Private tax-debt collectors clock in today
Ribbit, Texas

Trickle down tax enforcement

Sec_seal_1The Securities and Exchange Commission is investigating more than 100 companies suspected of manipulating options awards so that executives got a substantially bigger payout when they exercised them. Specifically, the firms allegedly backdated the options to a low point in their stock's price.

Lower options/purchase price = potentially larger gain when sold.

Yes, we all could make a killing in the stock market if we had such precise 20-20 hindsight.

Charges have been filed against executives of two companies so far, SEC chief Christopher Cox this week told a Senate Banking Committee hearing on the issue. But more charges are on the way, he said.

As you might remember from one of my earlier postings, I'm no fan of options. I don't believe they are that good of a benefit. This latest scandal is just another mark in my anti-options column.

And while you might be smiling, thinking at least it's the fat cats who are going to get whacked this time, don't get too smug. Employees much lower on the corporate organizational chart might also find themselves under scrutiny.

According to a story in the San Jose Mercury News, reprinted on the SmartPros site, the while the IRS acknowledges that corporations and top executives will be the primary targets, rank-and-file workers who also benefited from the lower pricings aren't off the hook, even if they played no role in the options rigging scheme.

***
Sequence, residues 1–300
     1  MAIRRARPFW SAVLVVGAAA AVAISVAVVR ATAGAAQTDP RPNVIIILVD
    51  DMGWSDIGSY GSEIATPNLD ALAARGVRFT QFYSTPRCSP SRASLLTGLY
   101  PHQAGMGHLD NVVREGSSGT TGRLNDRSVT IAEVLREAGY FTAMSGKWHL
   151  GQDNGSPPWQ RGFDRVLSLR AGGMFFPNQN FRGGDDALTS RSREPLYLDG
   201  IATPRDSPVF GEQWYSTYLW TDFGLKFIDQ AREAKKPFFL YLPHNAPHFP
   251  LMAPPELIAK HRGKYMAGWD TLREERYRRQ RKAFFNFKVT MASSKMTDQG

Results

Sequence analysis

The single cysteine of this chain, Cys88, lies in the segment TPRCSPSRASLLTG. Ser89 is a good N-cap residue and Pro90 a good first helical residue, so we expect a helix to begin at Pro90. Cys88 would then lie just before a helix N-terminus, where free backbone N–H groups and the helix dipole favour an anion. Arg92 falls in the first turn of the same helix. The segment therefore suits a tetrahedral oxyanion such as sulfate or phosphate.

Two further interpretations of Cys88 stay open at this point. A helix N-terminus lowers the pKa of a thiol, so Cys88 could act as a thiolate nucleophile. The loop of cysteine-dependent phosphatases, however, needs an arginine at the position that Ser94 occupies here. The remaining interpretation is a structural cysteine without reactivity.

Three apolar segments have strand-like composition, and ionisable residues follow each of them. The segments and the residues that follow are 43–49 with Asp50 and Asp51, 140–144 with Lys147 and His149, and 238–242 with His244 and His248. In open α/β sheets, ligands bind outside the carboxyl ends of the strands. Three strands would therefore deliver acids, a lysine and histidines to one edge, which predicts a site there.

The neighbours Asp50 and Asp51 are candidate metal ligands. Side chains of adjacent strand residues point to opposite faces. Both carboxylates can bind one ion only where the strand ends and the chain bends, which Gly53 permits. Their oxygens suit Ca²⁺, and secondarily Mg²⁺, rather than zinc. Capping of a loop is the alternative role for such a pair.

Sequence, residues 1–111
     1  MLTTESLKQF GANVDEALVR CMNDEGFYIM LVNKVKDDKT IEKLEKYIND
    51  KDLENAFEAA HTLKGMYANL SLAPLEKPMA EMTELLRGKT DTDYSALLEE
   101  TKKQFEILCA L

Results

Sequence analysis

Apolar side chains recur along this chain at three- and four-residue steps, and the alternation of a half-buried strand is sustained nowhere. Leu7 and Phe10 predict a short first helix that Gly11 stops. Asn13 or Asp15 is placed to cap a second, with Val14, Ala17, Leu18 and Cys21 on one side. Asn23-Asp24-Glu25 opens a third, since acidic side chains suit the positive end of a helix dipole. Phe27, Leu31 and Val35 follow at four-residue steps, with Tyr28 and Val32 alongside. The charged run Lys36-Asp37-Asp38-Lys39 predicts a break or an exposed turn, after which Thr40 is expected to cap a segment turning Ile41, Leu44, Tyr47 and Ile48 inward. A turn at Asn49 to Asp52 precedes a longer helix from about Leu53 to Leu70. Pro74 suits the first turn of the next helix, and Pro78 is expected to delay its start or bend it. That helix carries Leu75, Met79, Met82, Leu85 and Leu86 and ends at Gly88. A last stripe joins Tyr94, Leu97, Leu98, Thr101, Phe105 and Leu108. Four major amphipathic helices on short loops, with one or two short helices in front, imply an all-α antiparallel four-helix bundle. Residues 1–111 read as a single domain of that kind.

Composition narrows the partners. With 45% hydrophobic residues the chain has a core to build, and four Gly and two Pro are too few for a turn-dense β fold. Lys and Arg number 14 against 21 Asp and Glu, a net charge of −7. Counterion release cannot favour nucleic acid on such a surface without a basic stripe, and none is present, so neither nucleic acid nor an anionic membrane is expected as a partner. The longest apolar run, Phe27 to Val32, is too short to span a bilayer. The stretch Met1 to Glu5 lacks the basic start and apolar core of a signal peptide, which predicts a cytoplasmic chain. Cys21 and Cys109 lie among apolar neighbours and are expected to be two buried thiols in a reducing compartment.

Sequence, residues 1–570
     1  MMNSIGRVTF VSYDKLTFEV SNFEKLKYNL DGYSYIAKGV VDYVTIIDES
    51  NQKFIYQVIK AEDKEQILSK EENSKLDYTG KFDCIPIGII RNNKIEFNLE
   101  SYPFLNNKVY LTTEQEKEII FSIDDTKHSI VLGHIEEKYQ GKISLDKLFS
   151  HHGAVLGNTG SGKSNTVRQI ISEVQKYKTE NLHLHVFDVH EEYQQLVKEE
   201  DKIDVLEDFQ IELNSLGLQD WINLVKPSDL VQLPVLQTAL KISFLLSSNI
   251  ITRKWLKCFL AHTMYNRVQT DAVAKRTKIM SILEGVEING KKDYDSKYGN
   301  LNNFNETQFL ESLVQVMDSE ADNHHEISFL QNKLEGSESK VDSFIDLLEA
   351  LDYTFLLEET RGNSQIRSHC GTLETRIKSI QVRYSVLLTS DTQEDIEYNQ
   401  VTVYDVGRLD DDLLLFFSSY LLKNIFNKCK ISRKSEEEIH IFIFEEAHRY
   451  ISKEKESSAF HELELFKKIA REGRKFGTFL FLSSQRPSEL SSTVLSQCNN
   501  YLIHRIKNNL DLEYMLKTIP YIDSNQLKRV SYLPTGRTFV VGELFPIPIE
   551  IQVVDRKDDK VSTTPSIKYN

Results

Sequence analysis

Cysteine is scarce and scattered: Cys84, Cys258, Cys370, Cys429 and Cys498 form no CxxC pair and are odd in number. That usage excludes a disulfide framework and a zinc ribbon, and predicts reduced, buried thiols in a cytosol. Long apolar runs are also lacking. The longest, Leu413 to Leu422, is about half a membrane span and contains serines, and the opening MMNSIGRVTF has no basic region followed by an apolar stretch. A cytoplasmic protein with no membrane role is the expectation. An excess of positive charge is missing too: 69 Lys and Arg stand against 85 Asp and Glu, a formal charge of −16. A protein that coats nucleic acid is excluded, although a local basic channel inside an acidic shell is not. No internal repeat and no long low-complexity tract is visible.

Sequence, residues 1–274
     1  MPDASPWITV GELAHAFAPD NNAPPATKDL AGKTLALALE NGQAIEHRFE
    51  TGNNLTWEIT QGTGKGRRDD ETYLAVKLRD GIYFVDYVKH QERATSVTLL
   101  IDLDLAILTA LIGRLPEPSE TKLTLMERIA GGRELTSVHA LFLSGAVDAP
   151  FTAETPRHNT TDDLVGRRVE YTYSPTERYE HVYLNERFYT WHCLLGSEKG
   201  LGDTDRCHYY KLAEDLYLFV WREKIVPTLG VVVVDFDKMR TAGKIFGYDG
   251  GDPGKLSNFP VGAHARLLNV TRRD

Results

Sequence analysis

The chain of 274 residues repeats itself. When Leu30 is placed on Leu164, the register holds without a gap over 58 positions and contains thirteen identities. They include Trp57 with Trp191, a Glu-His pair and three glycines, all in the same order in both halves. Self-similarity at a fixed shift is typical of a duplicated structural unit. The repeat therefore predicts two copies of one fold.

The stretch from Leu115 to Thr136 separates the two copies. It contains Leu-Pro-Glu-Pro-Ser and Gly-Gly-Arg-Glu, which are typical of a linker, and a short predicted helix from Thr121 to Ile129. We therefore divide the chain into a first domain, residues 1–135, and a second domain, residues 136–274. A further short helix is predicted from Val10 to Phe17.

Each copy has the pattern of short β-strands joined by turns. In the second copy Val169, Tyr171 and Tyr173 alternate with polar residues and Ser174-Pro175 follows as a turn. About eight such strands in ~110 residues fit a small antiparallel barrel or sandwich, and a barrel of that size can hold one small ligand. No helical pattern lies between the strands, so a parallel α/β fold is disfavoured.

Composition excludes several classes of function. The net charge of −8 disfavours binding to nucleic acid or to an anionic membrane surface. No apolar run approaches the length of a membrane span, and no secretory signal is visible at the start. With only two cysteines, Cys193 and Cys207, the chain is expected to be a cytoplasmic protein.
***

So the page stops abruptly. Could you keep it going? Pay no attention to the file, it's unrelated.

"Where there might have been unwitting victims -- we'll call them victims by mischief -- there may still be tax adjustments," Bruce Ungar, an IRS deputy commissioner whose division focuses on business, told the San Jose newspaper. "It's our responsibility to enforce the law. We would take into account their role, but at the end of the day that would have to be dealt with."

Cutting options' corporate tax advantage: The Senate Finance Committee hearing is part of that chamber's examination into ending or reducing a tax break that encourages companies to reward executives with options.

You can find more on the Senate hearing, including a list of witnesses, a Joint Committee on Taxation report on executive compensation, blogger comments on the topic and links to news stories at TaxProf.


Feed You can follow this conversation by subscribing to the comment feed for this post.

The comments to this entry are closed.